I struggle with the idea that, as trans people, we always have to be radical and we always have to be revolutionary, and sometimes I don’t want to be revolutionary. Sometimes I just want to exist as the rest of my counterparts do. I mean, I’m the first Black trans model to walk Louis Vuitton now in 2020, which is incredible, but I hope this means that next year there’s 10 or there’s 20. There can’t just always be one. And I find that hard because often I’m the poster face for the one, especially for trans-masculine people. [On top of that] visibility is what makes us unsafe, but it’s the only way that we can normalize seeing ourselves represented.
CM: So what’s something we need to put our full force behind and change in the industry?
KIJ: I mean, we get to a point in the fashion industry where it’s amazing that we have trans models, but I’ve never been shot by a trans photographer ever. So the forefront of it, what we visibly put out to the world is slowly progressing, but behind it, I need to see myself reflected. Even sound engineers, you very rarely see a group of Black sound engineers. You very rarely see a director of photography who is differently abled. We need to be working internally at hiring a variety of people. Because this is why we fall into these positions where brands are getting called out about racism or transphobia because there’s nobody in those rooms who are making those decisions who are from these communities.
CM: Absolutely. I was watching this short documentary last night on Dominique Jackson from Pose, and she talked about the power of walking and the important signals it gives off to the world if you walk with confidence. So I really believe that walking confidently on a runway makes an impact itself.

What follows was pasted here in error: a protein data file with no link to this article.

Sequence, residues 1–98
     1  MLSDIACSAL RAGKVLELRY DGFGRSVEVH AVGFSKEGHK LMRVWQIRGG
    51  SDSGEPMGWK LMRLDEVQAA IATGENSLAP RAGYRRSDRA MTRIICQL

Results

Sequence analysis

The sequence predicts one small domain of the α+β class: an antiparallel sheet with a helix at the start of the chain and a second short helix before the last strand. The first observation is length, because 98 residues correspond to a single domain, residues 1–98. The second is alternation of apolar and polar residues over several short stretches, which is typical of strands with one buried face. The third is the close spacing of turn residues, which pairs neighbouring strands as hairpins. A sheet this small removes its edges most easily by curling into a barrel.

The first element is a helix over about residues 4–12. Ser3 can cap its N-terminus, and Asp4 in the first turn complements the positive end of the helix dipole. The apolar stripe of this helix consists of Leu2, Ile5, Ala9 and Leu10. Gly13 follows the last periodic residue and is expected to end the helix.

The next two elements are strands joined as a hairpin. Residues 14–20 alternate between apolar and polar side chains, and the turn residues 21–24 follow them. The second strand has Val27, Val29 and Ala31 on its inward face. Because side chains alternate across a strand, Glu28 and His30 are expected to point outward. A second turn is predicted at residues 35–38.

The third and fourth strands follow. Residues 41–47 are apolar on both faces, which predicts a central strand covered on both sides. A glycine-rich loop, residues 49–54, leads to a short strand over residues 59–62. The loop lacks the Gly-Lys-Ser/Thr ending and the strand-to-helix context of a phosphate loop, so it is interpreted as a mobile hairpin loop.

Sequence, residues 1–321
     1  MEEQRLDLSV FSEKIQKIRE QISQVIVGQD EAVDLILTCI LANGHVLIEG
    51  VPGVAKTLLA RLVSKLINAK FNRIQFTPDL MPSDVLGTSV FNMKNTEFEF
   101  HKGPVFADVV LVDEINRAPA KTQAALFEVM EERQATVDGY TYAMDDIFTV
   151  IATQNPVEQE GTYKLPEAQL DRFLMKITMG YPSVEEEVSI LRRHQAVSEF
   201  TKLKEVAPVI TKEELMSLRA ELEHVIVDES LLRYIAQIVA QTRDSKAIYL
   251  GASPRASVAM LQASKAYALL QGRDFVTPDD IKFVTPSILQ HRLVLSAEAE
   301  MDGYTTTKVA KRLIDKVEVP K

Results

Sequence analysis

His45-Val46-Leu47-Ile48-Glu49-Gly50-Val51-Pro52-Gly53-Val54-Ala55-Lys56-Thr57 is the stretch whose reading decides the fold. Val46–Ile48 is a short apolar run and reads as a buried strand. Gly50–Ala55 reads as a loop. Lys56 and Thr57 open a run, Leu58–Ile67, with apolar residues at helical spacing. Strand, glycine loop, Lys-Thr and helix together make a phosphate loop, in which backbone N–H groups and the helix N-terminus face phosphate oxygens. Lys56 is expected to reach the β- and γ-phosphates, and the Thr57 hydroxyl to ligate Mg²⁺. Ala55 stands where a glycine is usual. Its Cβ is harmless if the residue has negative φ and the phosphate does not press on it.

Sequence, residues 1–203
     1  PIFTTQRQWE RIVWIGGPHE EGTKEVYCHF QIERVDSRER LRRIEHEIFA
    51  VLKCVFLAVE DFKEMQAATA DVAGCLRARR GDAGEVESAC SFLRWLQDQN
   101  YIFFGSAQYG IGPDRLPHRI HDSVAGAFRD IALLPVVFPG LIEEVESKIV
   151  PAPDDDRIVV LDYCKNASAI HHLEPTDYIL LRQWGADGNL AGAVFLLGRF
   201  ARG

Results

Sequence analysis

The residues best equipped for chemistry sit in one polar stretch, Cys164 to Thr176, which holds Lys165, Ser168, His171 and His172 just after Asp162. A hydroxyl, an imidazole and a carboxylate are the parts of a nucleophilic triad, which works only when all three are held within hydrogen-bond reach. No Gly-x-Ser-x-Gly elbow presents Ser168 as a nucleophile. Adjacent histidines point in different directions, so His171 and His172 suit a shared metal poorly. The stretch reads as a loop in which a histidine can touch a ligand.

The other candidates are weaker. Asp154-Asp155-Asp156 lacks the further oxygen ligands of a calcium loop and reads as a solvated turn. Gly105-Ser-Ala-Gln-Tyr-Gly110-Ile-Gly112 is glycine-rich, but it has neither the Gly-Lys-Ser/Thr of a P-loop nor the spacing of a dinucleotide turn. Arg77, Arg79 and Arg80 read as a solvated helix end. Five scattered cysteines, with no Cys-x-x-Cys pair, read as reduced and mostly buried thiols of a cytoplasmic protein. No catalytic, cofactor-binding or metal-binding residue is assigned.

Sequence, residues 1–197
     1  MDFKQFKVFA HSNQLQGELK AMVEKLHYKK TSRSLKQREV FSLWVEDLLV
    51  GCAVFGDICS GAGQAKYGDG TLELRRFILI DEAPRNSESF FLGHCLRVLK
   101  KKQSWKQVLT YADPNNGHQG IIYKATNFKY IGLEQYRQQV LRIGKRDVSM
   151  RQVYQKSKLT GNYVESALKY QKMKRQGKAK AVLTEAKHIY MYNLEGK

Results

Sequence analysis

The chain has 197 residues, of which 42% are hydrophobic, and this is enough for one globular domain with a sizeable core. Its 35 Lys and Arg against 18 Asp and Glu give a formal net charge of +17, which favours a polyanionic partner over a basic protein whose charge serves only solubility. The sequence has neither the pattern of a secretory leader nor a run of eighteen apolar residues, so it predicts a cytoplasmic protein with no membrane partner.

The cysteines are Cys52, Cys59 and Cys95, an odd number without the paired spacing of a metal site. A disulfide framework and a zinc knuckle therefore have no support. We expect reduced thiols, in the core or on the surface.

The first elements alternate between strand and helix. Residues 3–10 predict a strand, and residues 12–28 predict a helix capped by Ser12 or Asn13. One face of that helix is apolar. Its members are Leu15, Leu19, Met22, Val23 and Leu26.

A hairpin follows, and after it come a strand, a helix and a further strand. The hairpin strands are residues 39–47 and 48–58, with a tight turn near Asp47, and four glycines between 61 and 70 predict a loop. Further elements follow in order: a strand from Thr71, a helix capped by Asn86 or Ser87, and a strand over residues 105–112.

KIJ: A hundred percent. She has this incredible speech where she says ‘I will never ask you to accept me. I will demand that you accept me.’ She has a really incredible outlook on life in general and has such power. But then there’s also this weird intersection where it’s like, I can walk a Louis Vuitton show and it means so much, but there are days where I can’t even walk from A to B in the normal world, without someone saying something or someone asking some question or feeling unsafe. And so there’s this juxtaposition between being celebrated within an industry and then coming out of that into the real world and there’s still so much violence.
And that’s what I mean by visibility having this fine line between being what we need to prove that we exist but [meanwhile] it putting you in a compromising position because for me to be named ‘the first black trans model’, that means that my transness is open. I’m very open, but sometimes it feels bizarre that I’m on the front of a cover, but I have to worry if I can board a plane with my passport. And I think about my proximity to safety and danger all the time because of my transness. It’s this bittersweet situation of celebration and safety and how we navigate that. And in that moment, exactly like Dominique said, you’re not invincible.
CM: What’s pushed you through in those moments?